I’ve had numerous people ask me about managing their income in retirement. Your income in retirement will be different from everyone else’s, unique to you. But what sources can you draw from? What will it look like? How do you plan for it? Where can you go wrong? I’ll start to dissect each of these topics in this episode of Retirement Made Easy. I’ll lay out some of the important things you need to keep in mind as you manage your retirement income. Check it out!

You will want to hear this episode if you are interested in…

  • [1:56] Check out RetirementMadeEasyPodcast.com! 
  • [4:25] The main source of retirement income: Social Security 
  • [6:34] Other common sources of retirement income
  • [8:58] The most important retirement income source
  • [12:00] Have a retirement income game plan
  • [20:28] Create a tax-efficient retirement income stream

The main source of retirement income: Social Security

The main source of retirement income that most people are familiar with is Social Security. Your social security income is based on your best 35 working years. For those who have claimed their social security and continue to work, as long as what you’re earning is one of your 35 highest working years, social security will recalculate your check every year. 

Most of the population has to have 10 years or 40 quarters of earnings history paying into Social Security. If you don’t meet those requirements—but you’re married—you may be eligible for the spousal benefit. Typically, a married couple will each get a social security check per month

Other sources of retirement income can include a pension, rental property, a small business, a trust, or from part-time work. The most important retirement income comes from your investments: 401ks, 402Bs, IRAs, Roth IRAs, etc. This is where people make unwise decisions.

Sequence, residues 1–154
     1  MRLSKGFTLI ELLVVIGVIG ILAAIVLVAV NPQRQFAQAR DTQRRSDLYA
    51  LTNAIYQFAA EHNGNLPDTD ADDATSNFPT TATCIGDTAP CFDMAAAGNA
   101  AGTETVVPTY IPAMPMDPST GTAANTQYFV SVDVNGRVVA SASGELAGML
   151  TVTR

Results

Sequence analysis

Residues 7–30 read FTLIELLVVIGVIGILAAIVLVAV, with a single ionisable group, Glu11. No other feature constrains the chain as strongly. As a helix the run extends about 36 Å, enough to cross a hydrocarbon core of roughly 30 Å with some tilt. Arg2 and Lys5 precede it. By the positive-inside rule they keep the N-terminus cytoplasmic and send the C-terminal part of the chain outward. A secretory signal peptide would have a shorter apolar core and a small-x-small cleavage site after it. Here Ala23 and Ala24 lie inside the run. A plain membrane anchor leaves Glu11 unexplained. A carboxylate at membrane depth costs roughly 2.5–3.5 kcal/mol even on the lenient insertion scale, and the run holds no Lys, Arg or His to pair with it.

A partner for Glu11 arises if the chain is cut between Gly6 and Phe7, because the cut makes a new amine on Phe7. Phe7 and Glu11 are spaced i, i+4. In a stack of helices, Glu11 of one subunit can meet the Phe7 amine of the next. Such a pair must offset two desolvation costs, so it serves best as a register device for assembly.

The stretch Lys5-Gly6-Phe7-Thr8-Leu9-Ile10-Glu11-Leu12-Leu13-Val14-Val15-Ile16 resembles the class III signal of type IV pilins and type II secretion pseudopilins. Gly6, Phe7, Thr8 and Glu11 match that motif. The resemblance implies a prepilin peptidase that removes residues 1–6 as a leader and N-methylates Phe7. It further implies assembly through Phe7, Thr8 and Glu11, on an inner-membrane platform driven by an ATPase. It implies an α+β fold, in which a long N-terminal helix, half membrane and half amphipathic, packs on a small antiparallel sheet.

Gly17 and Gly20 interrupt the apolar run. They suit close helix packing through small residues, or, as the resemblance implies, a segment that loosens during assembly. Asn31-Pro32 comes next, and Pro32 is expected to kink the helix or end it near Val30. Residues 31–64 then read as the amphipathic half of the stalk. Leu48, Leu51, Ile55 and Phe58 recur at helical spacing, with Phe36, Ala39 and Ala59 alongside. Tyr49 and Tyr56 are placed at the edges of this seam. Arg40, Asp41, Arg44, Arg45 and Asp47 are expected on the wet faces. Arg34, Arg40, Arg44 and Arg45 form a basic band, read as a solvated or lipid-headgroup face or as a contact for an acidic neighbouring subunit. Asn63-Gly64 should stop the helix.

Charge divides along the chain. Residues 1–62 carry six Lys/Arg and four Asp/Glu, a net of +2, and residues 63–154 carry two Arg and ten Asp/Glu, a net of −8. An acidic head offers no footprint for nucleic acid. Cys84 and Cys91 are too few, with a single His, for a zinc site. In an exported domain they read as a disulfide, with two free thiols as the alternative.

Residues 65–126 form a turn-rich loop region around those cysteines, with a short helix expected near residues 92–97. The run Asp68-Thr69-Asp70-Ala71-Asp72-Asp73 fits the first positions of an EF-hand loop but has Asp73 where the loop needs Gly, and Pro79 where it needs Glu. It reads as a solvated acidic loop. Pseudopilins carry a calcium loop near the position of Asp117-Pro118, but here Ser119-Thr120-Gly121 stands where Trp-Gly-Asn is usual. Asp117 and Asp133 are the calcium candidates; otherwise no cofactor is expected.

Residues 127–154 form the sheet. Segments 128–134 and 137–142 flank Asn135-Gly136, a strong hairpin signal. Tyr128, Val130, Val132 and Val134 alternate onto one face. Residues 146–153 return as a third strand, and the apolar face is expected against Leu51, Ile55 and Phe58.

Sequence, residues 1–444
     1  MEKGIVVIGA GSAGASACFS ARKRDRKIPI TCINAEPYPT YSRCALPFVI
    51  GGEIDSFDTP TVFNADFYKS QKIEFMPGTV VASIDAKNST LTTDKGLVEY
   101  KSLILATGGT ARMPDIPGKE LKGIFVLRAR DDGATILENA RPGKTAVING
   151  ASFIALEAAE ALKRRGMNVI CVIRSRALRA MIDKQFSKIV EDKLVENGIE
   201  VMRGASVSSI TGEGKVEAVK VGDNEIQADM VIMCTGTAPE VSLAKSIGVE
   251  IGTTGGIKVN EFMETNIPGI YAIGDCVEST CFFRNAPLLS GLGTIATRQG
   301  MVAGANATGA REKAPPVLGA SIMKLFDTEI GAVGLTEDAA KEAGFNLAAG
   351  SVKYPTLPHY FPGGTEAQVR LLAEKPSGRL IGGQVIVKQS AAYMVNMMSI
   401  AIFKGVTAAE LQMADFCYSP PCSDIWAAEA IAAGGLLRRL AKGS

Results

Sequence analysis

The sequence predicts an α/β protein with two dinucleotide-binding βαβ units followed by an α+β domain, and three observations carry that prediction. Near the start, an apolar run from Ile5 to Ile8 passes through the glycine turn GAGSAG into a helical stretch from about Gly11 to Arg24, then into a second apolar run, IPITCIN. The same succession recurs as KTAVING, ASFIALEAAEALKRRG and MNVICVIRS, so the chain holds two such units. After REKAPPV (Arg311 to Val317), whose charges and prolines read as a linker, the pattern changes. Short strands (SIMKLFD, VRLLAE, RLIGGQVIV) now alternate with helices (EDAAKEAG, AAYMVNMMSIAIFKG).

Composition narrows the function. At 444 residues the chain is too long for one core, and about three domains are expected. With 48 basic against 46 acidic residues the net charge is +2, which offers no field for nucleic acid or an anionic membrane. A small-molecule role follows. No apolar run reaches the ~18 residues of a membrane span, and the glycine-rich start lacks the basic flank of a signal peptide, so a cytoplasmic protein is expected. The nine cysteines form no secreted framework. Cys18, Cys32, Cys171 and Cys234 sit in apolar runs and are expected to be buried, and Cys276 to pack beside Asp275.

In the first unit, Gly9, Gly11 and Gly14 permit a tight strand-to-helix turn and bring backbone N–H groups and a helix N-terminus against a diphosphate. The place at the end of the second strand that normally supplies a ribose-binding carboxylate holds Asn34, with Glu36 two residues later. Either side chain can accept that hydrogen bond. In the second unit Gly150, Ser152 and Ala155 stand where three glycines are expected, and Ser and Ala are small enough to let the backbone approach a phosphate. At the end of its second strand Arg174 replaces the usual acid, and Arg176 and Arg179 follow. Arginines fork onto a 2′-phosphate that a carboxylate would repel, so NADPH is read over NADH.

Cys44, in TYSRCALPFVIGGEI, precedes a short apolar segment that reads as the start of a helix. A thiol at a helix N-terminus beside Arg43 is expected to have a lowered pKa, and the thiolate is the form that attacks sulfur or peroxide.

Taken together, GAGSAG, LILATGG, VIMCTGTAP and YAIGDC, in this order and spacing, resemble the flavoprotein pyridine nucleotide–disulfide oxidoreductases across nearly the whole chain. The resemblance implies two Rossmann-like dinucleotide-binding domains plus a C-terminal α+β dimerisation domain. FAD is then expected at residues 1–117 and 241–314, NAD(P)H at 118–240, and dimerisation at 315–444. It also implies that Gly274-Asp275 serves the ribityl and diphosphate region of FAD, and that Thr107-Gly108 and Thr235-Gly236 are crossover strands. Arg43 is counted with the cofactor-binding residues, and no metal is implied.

The most important retirement income source

Let’s say you’re contributing to a 401k from every paycheck and adding some money to a Roth IRA every month. It’s a consistent way to invest for retirement. You’re not taking an income from them while you’re still working. You hope that the investments grow enough to provide an income while you’re retired. 

The goal is to produce an income that’s a supplement to social security. Drawing from these accounts is what you’ve prepared for your entire career. But when people retire, they’ve gotten so used to saving that they feel uncomfortable withdrawing the money.

Have a retirement income game plan

I recently spoke with someone who retired and withdrew money from his 401k every month, without thought. But in 2022, his million dollars dropped to $600,000. He’s down $400,000. He lost 40% of his money in one year. 

He still needs that income to live on. His fatal mistake was that he never planned out the income he was taking from his 401k. He didn’t adjust how his investments were positioned when his goals changed in retirement. He was selling investments while they were down significantly. Now, his retirement plan must be completely redesigned. 

You have to change your mentality when you retire because it has the potential to derail your entire retirement. You need a game plan. Where is your income going to come from once you retire? 

  • How much will each income stream be? 
  • How frequently will you receive that income? 
  • What are the risks that might derail your income? What could go wrong?

Someone retired and decided to take her $800,000 401k and roll it over into an IRA and purchase a six-month CD paying her 5%. She planned to live on her savings until the CD matured and cash out the interest to live on for the next six months. She’d then buy another CD at 5%. 5% of $800,000 is $40,000 a year. Combined with her social security, she determined it would be all that she’d need to live on.

But she forgot something crucial. Find out what she didn’t take into account in this episode of Retirement Made Easy. 

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